More Exports, Lower Production Needed to Turn Milk Prices
Class III futures prices aren’t brightening dairy farmer moods looking into 2018, say Mike North, who will speak at this year’s Milk Business Conference which kicks off in Las Vegas today.
North, with the Commodity Risk Management Group, sat down with U.S. Farm Report Host Tyne Morgan ahead of the conference this morning to get his take on the near-term outlook for dairy prices. (View the entire interview on Facebook here.) “I hate to boil it down to simple supply and demand, but that’s really the answer,” says North. “The reality is we have too much milk production.
“In nearly every [dairy] product category, we’re carrying much more than we were over last year, and we don’t have the domestic consumption to handle it all… While exports are coming and exports are growing, they are not large enough to claw back the big inventory builds we have made over the last years,” he says.
North says increasing production here in the United States, Europe and New Zealand is the problem. “The U.S. is producing more milk on a 1 ½% basis, month after month, year after year for four years running. The world is on the same pattern, and we’re running up against too much production,” he says.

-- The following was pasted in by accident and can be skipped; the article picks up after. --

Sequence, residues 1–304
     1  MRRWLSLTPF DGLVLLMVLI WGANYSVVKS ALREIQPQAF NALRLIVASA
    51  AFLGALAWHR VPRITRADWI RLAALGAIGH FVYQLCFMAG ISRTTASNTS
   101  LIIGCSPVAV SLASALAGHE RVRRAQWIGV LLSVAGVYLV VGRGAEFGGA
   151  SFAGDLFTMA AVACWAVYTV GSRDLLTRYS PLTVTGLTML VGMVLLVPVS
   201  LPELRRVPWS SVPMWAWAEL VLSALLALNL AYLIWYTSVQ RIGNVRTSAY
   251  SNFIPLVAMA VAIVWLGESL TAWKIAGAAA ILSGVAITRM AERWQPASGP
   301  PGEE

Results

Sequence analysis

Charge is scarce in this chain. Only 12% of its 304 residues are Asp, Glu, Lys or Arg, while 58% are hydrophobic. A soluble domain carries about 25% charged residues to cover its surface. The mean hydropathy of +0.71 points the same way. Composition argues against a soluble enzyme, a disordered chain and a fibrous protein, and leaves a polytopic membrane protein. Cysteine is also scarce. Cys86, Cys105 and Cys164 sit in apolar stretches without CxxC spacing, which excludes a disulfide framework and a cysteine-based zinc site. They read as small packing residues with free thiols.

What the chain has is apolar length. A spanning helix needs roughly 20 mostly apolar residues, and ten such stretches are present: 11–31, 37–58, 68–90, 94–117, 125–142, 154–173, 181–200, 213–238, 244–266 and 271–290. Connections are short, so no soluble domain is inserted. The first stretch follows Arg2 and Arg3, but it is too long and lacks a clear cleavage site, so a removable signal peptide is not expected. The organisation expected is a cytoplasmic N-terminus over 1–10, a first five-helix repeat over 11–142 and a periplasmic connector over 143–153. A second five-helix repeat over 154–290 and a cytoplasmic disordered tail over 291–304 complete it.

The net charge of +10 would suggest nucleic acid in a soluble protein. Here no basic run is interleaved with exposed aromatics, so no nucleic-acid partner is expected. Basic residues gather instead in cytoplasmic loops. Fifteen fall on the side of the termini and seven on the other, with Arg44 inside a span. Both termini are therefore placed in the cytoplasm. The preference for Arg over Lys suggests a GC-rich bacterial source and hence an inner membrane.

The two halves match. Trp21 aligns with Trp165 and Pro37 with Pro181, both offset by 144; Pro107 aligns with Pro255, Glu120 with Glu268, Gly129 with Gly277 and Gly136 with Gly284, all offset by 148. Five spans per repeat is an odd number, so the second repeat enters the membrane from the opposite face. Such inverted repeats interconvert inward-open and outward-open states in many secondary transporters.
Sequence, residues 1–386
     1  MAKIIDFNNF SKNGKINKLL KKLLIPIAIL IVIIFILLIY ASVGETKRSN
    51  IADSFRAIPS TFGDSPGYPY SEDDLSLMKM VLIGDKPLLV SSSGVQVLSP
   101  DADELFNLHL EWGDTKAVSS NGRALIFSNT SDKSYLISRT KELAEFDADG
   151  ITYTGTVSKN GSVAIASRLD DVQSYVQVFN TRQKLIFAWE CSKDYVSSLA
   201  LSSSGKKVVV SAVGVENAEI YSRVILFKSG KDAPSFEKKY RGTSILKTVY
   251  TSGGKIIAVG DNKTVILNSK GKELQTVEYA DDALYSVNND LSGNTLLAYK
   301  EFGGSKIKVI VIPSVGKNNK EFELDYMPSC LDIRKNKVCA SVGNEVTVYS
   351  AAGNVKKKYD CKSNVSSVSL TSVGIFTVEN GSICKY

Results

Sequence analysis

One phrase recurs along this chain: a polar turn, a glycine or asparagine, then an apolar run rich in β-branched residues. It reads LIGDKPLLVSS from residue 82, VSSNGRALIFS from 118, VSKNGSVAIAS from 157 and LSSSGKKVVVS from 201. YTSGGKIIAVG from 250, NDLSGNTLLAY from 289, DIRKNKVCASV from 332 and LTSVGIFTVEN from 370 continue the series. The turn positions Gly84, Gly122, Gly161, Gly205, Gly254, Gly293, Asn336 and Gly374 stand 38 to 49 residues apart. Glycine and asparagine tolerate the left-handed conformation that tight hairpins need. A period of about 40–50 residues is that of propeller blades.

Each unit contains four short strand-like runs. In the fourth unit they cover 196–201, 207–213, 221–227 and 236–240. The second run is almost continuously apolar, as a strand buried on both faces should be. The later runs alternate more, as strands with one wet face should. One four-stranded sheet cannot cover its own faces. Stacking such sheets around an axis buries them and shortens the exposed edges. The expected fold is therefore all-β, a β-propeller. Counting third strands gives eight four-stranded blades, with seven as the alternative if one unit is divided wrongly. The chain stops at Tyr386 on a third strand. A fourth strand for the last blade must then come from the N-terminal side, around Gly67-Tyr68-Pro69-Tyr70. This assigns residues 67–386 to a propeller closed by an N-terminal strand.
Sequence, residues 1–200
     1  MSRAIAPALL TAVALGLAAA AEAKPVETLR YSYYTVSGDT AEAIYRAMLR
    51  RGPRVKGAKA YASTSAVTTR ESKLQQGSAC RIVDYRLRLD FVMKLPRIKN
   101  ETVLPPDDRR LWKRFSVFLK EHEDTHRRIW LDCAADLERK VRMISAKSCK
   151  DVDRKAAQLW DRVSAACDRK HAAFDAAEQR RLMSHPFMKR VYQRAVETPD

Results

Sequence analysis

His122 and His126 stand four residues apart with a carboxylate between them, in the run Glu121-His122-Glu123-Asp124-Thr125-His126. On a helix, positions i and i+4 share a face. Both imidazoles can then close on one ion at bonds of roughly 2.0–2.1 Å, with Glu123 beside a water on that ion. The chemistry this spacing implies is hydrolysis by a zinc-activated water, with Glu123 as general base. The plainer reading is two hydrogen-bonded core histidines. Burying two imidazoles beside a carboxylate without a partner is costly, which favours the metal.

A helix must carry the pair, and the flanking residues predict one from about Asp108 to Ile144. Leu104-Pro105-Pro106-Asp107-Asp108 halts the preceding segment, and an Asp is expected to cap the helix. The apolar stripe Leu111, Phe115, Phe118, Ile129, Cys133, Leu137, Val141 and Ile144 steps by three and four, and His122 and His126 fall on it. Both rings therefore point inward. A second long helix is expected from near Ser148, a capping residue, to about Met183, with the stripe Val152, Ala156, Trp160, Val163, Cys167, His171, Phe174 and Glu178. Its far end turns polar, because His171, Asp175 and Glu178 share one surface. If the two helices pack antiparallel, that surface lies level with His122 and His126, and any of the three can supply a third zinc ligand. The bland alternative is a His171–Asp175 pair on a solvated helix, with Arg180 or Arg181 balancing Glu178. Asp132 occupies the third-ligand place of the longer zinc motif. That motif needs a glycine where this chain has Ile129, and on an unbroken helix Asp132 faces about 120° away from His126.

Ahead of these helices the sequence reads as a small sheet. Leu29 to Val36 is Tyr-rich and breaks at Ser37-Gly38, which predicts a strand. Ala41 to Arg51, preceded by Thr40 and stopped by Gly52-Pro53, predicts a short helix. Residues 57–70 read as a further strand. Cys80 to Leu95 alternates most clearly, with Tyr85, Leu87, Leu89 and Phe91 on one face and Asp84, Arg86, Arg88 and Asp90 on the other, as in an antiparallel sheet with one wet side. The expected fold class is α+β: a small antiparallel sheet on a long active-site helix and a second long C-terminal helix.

Nothing short of a Black Swan event, in which markets or production are disrupted, will likely change market conditions in the short term. North notes that that there have been some smaller swans occur recently. For example, New Zealand had a rough start to it grazing season this fall, which slowed milk production. Europe has had bad weather in Germany and France, and a phosphorus reduction program in the Netherlands has slowed milk output there. In the U.S., it might be that dairy quota programs at the co-op level might kick in and cap production here.
In the meantime, though, production keeps growing. And markets remain soft, with Class III prices averaging just $15.80 for all of 2018.